“In case you forgot, I didn’t get a whole lot of sleep last night,” I said. “I can barely keep my eyes open.” Which was true. So I closed em. “And this is my bed.”
“You talk with your dad?” she asked.
“And you told him about me? And our situation?”
“And? Like how’d he react? What’d he say?”
“You’re welcome to stay here.” And then, “He said I’m kinda responsible for you.”
“I’m responsible for myself, thank you very much.”
“That’s a Scientology thing, right?”
“LRH said we’re all responsible for our own condition. So yeah, it’s a Scientology thing. And one that I happen to believe in. So I’m responsible for myself…not you.”
“He also suggested we see a lawyer about the whole Joan situation. Neither of us knows about the legal ramifications.”
“Once you see a lawyer, the shit’s really gonna hit the fan. One thing about Scientology is that they don’t take kindly to members taking matters into their own hands. Like seeing lawyers and shit like that. You go to a lawyer, they’ll go fuckin crazy.”
“You suggesting I don’t?”
“I’m just saying they’re gonna attack the shit out of you. So be prepared.”
“And what about you? Will they come after you, as well?”
“They’ll try to convince me to come back. And if that doesn’t work then, yeah, they’ll attack the shit out of me, too. At the least, they’ll declare both of us SPs—suppressive persons.”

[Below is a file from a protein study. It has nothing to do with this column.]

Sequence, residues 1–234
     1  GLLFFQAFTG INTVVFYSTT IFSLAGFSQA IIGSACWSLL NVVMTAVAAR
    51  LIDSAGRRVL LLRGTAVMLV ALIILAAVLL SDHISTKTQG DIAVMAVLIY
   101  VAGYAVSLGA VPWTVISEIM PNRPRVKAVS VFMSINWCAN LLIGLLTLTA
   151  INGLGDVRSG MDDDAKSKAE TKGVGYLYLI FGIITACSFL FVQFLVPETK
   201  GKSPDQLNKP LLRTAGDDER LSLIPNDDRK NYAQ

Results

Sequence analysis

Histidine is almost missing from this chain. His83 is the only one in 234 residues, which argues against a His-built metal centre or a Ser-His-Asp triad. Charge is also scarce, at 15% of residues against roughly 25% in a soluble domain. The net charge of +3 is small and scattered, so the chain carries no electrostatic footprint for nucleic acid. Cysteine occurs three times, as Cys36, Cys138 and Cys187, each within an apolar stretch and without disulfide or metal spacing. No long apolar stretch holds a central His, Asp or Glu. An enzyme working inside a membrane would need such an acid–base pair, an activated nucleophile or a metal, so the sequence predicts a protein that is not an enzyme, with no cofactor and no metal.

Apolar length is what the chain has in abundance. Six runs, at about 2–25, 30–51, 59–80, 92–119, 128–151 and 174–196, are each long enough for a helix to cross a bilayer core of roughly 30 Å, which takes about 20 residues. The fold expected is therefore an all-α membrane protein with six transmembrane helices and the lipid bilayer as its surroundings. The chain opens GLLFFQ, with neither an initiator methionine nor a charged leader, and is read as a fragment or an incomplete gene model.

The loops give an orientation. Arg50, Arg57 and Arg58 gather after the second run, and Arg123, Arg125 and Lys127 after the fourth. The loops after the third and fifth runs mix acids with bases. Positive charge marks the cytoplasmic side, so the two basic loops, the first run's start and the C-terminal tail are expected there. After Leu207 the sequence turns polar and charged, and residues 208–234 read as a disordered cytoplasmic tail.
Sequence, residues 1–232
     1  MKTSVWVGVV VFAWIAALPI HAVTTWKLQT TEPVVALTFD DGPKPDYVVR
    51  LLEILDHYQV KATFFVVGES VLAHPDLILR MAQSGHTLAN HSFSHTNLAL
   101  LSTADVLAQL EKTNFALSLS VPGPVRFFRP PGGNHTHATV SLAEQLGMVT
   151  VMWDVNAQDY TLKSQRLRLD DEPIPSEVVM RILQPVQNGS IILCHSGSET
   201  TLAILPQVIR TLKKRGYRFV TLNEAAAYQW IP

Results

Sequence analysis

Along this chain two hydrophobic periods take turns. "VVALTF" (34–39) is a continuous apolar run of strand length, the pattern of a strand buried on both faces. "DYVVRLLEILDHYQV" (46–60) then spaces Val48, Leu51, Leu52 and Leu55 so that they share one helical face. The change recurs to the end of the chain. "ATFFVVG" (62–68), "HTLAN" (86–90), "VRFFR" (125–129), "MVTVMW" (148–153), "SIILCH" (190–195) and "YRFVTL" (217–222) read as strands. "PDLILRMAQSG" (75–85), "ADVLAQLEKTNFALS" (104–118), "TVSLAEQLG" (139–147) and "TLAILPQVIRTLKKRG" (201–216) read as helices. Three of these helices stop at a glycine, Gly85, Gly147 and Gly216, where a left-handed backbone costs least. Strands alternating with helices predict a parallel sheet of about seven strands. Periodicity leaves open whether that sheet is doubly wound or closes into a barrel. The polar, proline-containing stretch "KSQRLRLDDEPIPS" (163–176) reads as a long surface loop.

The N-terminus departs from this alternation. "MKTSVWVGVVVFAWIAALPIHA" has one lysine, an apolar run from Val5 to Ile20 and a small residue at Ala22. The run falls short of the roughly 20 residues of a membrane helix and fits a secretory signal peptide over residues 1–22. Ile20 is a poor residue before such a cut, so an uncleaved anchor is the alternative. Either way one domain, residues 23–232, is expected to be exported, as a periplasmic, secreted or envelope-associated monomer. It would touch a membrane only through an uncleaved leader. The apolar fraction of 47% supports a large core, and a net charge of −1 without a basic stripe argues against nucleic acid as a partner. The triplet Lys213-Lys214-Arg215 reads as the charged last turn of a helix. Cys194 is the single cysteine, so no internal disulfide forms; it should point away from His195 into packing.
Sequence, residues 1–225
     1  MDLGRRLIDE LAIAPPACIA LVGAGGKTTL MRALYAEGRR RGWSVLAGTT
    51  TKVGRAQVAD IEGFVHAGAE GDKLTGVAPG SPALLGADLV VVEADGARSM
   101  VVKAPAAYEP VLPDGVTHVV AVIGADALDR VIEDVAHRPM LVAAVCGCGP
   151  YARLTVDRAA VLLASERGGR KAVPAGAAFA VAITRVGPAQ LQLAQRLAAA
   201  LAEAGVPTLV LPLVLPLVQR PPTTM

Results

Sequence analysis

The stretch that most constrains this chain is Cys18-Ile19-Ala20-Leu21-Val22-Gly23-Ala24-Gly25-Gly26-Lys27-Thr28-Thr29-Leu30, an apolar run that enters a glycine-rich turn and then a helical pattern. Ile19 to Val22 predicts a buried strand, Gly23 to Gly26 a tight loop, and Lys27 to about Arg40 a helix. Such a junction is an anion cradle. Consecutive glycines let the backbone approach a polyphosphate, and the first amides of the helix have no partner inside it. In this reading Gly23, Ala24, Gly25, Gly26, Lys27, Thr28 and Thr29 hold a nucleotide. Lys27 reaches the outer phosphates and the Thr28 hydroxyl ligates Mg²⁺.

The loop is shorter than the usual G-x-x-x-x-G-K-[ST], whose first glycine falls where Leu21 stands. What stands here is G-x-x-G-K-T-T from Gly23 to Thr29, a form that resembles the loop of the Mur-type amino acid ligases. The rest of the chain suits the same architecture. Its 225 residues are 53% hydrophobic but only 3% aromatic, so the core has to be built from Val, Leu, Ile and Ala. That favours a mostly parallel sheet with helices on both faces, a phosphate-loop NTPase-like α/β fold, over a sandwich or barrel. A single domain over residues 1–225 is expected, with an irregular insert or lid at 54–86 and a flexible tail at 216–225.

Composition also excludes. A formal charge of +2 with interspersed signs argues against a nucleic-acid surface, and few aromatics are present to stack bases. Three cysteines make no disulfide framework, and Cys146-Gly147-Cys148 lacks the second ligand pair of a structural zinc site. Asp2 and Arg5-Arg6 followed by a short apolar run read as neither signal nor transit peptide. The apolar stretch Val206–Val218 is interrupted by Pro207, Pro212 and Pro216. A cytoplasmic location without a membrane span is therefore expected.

“Which means what exactly?”
“They write up these formal-looking ‘declarations’ with all the ‘crimes’ we’ve committed and distribute them to all the orgs around the world.”
“Well…these days, I don’t think they actually distribute declare notices. I think they just call all the orgs and tell em what’s going on. From then on, no one inside the church is allowed to communicate with us.”
“Like your parents?”
“Parents, family, friends…everyone,” Roxy said.
“But what if they try to communicate with you?”
“Then they get declared, too. Or at least get sent to Ethics.”
“Harsh,” I said, rolling over on my back. “And by the way, my dad said you wouldn’t have any problem enrolling at City College. Which starts in a month.”
“Good to know.”
And then she started crying really hard. Like dam-breaking hard. I reached over and took one of her hands. And lay there. Staring at the ceiling. Wasn’t sure if there was anything else I could have done. The bed shook and I forgot about being tired. I just held on to her hand and let her cry.
“Fuck,” she said some time later. “I haven’t cried in years.”
“Supposed to be therapeutic,” I replied.
She dried her eyes with the top of the sheet. “Not in the Sea Org. There…it’s a sign of weakness. Like it’s almost considered an overt.”
“Which is a crime or a sin, right?”
I kept hold her hand. Against my chest. I wanted to pull the rest of her over and wrap my arms around her. So I did. And she didn’t resist.
But she did say, “We’re not doing anything. Just so you know.”
I said, “Noted.”
We slept until ten before going out for dinner.